YOUR FINANCE ED.

MAKE FINANCIAL LITERACY YOUR PRIORITY.

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Make Finance your Friend

Fear Financial Jargon?

Fear not.

Regardless of your profession, whether you’re a doctor, chef, engineer, programmer, or shopkeeper, a basic understanding of finances is essential. This knowledge helps you become more aware, ask the right questions, and avoid falling into traps or getting carried away by advertisements. Unfortunately, many of us tend to put off or skip financial education, thinking it’s too vague or complex. But finance can also be enjoyable, and prioritizing financial literacy today can lead to a stress-free and harmonious future.

For example, most of us have invested in stocks, but how often have we taken the time to understand the information provided when placing an order? We typically focus on just a few fields: price, quantity to order, select market, and hit submit. However, there’s a lot more to stocks. Your broker or trading platform offers a wealth of information, including trends, high and low prices, trading circuits, and company-specific data. Then there’s the financial jargon.

In this article, we’ll demystify some of the jargon you often find under the fundamentals section of your trading platform. Here are some common terms:

  • 52W High: The highest share price in the past year.
  • 52W Low: The lowest share price in the past year.
  • 1M and 1Y Return: These percentages indicate how much the share price has risen or fallen in the past month and year. It gives you insight into the direction the stock is heading.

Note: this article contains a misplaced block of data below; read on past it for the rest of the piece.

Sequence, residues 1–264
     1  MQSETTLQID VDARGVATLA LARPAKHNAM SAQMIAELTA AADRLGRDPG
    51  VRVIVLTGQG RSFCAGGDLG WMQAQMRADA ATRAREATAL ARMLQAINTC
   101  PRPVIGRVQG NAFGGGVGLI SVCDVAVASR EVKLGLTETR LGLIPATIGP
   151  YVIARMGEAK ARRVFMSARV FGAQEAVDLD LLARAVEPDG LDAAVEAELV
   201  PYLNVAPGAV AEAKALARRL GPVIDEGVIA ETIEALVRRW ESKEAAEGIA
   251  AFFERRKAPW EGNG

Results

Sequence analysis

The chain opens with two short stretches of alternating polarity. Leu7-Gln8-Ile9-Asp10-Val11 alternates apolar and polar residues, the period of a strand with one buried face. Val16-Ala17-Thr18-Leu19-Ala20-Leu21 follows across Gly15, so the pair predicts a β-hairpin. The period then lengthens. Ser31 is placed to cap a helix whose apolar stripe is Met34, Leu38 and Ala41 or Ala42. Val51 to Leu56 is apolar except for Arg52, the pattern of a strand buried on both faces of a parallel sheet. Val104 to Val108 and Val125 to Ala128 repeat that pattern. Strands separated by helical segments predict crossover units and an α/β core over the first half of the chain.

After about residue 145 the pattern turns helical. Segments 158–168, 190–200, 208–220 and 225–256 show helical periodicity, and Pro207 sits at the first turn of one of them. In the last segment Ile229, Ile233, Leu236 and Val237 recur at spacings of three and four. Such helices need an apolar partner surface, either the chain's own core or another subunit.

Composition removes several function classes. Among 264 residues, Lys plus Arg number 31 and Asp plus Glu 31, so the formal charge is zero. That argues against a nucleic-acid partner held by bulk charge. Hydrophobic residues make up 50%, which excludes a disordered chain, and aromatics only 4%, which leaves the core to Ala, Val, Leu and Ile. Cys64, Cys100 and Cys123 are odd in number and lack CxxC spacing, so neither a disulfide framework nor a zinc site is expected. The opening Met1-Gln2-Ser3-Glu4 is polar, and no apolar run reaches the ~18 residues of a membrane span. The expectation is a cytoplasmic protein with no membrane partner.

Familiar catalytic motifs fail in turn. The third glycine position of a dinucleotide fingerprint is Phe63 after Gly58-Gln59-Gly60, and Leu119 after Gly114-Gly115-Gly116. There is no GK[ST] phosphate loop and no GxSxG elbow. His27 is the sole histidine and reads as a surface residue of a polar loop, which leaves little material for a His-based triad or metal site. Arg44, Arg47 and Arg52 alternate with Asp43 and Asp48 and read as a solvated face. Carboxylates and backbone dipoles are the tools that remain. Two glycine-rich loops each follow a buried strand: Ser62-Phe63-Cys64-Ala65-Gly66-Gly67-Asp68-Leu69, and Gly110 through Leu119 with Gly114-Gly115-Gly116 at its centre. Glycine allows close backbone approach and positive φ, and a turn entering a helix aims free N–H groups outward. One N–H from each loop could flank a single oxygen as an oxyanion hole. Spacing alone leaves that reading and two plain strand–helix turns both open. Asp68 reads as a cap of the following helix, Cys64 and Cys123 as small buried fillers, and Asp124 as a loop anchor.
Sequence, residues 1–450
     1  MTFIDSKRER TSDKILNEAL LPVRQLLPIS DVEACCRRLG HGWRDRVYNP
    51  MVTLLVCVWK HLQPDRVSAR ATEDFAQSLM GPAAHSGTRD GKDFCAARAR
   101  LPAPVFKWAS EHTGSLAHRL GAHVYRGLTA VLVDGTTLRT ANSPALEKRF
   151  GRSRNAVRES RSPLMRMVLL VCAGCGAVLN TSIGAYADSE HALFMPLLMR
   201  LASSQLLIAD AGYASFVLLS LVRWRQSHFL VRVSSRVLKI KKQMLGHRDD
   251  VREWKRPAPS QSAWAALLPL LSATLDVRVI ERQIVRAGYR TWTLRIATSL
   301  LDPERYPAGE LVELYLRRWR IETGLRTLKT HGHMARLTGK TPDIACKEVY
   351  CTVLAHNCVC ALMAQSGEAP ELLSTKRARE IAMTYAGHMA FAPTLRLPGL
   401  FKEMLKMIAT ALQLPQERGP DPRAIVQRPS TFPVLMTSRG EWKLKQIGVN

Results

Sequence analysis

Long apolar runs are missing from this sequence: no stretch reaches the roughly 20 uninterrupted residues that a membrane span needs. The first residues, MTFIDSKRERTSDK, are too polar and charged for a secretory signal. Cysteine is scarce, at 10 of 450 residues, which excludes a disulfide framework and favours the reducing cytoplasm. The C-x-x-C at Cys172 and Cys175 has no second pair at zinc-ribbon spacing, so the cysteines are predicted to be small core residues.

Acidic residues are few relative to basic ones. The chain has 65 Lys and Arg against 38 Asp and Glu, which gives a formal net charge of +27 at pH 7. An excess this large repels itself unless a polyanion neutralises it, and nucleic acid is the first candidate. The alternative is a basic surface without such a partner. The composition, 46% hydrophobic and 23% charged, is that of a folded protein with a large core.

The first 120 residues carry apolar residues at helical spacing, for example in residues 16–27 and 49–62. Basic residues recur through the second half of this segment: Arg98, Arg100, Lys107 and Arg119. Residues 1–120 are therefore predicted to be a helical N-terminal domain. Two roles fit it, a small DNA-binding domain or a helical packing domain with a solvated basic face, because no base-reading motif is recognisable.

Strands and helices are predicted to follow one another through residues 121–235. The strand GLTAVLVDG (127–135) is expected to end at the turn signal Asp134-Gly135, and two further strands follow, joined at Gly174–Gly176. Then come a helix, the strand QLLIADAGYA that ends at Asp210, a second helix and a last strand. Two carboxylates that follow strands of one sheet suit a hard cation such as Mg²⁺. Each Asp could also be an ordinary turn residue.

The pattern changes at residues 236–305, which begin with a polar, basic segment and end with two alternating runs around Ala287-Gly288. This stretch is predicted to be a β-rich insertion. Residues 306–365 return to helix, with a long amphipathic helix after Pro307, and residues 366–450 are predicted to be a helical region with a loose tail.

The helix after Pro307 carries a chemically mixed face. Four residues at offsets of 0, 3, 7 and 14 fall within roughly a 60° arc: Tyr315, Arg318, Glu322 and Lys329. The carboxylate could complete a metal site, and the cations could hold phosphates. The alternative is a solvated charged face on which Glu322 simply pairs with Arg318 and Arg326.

• Market Capitalization: This measure helps assess the company’s size. It’s the total value of the company’s outstanding shares, calculated by multiplying the total number of shares outstanding by the current share price.

Now, let’s delve into a common stock analysis ratio:

  • The PE (Price-to-Earnings) ratio
    This ratio tells you the price you would pay for each dollar or rupee of earnings. To calculate it, simply divide the current share price by earnings per share (EPS).You might be wondering, what exactly constitutes a good PE ratio? Well, it’s a bit tricky, as it depends on factors like the current market condition, industry average, and industry performance. There’s more to the PE ratio, but I don’t want to overload you with information just yet.

So here’s a task for you: open your trading or brokerage platforms and take a look at the terms you may have ignored in the past. You’ll find that a couple of them are no longer jargon, right? Happy investing, and always make sure you understand what you’re getting into, especially the less-talked-about aspect – the risk.

-by Jayapratha Kannan.

 

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